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Brexit-backing MD of Europa Worldwide Andrew Baxter has praised a template for future EU-UK border relationships as negotiators reach agreement on the transition process.
Chief negotiator for the European Union Michel Barnier, in a joint press conference with UK negotiator David Davis, said an agreement had been reached for the UK’s “orderly” withdrawal.
“This is a decisive step, but it is not the end of the road,” said Mr Barnier. “And nothing is agreed until everything is agreed, but this new draft text is certainly a decisive step forward… and a good landing spot.”
The transition, due to run until 31 December 2020, relies on both parties agreeing the complete withdrawal process.
One area that remains a thorn is the Irish border, and Mr Barnier said a backstop solution with Northern Ireland remaining a member of the European Customs Union was “on the table”.
As far as customs issues are concerned, deputy chief executive of the Freight Transport Association James Hookham told The Loadstar the ideal solution would be mutual recognition of EU-UK customs checks.
“We’d like to see inspections done away from the border, for instance an Irish veterinary certificate being accepted by UK customs and vice versa,” said Mr Hookham.
“This would be ideal, as this is how it is done now, but there remains a big argument on regulatory divergence or the UK sticking to EU standards.”
Despite the backstop solution remaining within the legal text of the agreement, Mr Davis said the UK wanted to find an alternative solution.
In Smart Border 2.0, former World Customs Organisation director Lars Karlsson suggested the use of a “smart border” to tackle the issue, which Mr Baxter described as “sensible and positive progress”.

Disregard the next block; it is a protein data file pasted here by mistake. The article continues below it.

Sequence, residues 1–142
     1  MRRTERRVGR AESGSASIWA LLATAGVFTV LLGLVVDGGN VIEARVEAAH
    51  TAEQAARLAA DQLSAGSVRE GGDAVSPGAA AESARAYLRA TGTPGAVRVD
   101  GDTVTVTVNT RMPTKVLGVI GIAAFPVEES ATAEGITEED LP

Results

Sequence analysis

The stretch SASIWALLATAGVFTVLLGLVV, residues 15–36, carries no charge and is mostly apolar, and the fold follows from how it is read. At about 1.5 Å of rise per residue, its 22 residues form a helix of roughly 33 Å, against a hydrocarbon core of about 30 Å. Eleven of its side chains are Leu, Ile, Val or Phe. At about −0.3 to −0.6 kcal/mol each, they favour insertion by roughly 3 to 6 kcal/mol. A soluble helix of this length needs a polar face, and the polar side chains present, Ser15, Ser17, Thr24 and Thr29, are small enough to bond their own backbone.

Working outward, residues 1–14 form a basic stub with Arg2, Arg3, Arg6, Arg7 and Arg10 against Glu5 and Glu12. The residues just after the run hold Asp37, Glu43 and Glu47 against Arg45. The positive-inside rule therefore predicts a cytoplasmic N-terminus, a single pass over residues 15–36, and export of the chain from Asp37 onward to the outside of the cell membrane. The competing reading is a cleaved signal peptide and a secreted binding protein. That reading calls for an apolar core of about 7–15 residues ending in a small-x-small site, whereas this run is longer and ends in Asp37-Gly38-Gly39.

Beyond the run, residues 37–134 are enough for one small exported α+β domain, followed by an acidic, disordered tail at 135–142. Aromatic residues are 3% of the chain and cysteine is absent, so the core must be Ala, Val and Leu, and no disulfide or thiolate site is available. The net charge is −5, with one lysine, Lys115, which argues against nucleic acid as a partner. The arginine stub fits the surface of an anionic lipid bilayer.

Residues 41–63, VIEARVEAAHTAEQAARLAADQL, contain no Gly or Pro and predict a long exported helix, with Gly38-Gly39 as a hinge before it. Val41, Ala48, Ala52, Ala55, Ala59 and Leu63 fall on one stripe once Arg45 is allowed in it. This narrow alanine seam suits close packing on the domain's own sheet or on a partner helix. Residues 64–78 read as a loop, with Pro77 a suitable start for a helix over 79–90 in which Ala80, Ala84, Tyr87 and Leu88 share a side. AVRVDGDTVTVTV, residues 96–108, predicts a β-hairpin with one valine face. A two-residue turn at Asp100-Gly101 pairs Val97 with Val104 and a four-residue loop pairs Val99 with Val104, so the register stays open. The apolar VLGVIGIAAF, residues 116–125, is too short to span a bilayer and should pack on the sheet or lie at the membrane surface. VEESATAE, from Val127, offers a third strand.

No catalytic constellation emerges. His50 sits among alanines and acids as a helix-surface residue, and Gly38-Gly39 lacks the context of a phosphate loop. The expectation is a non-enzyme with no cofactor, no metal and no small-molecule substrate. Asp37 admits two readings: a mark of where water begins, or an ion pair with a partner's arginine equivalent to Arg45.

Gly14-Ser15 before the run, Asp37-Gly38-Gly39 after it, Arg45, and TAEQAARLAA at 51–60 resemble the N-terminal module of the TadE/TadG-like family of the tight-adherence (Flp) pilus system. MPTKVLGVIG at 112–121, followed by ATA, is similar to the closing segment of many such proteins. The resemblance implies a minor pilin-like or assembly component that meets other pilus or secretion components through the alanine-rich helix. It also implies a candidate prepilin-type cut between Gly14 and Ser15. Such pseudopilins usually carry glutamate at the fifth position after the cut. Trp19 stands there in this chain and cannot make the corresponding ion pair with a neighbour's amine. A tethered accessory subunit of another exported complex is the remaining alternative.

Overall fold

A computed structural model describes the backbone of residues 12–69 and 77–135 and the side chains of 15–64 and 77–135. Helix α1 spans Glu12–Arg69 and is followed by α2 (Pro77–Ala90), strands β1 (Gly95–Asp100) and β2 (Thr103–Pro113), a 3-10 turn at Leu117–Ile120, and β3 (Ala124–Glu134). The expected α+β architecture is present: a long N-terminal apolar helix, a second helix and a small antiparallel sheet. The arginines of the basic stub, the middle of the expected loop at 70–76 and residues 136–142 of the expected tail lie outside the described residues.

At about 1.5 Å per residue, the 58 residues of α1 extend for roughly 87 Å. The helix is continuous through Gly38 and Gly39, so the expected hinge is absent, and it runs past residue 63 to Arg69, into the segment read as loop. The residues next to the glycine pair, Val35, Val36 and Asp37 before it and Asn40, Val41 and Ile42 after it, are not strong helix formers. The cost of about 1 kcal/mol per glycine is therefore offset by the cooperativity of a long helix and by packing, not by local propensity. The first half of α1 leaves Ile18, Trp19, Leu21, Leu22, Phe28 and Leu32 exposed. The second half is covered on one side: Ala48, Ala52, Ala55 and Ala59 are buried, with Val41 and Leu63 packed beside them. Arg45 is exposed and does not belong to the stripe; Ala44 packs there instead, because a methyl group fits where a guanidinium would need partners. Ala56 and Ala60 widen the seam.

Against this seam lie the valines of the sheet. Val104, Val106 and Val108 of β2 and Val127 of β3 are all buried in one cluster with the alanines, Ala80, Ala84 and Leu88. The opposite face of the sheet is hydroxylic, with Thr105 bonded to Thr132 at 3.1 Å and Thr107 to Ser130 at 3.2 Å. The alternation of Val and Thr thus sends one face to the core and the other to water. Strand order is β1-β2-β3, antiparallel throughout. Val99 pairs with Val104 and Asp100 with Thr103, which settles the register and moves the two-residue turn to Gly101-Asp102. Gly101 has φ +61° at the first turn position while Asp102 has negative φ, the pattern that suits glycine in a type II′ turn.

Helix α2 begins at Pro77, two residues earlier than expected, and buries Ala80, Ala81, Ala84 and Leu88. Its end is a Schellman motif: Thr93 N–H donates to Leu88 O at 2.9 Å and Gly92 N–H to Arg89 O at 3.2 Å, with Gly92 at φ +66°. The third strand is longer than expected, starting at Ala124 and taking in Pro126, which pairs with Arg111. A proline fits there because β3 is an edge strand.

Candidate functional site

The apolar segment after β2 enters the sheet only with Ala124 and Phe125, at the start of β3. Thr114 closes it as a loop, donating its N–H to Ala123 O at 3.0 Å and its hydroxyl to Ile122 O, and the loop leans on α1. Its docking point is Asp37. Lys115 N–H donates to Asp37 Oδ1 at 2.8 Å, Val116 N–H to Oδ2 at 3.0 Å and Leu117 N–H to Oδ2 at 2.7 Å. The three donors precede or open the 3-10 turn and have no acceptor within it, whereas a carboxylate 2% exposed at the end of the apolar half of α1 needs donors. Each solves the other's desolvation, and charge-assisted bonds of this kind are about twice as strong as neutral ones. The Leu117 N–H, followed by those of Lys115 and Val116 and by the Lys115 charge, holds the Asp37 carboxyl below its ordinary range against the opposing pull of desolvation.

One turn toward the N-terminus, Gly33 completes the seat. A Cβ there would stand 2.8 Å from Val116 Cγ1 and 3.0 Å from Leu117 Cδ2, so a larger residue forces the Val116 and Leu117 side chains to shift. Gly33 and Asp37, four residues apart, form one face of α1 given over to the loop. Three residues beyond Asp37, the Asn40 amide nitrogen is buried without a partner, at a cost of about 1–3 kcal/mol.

“It allows cross-border movement and trade between Northern Ireland and Ireland, but all principles and recommendations within it can be projected on to the wider post-Brexit picture,” said Mr Baxter.
“In essence, it puts forward a proposal for what is known elsewhere in the world as a ‘smart border’, where customs and other border practices keep the border open.”
Smart borders utilise technology, risk management, domestic and international cooperation, as well as international standards, to create secure and low-friction borders. The systems separate customs flows, dependent on type of goods and associated risk, so they can be managed differently.
“It suggests hauliers make a submission to customs before arriving at the border, and by arrival, the driver gets a text saying whether they are free to proceed or not,” said Mr Baxter.
“This would involve entering a simplified entry before crossing the border and a post-import supplementary declaration would be carried out retrospectively.”
Mr Baxter said that in “99.9%” of cases the driver would be free to go, and described the two-step process as “hugely smooth” compared with existing customs processes.
While also offering praise for Smart Border 2.0, Mr Hookham said it did not show anything that was not already known, adding that the timeframe involved remained a “problem”.
“One aspect of the report that is good to see is the involvement of the EU – it shows interest and is helpful in presenting something other than Brexit being solely a UK problem,” said Mr Hookham.
“But I can’t see the system proposed by Mr Karlsson being up and running within the transition timeframe without an inordinate amount of investment.”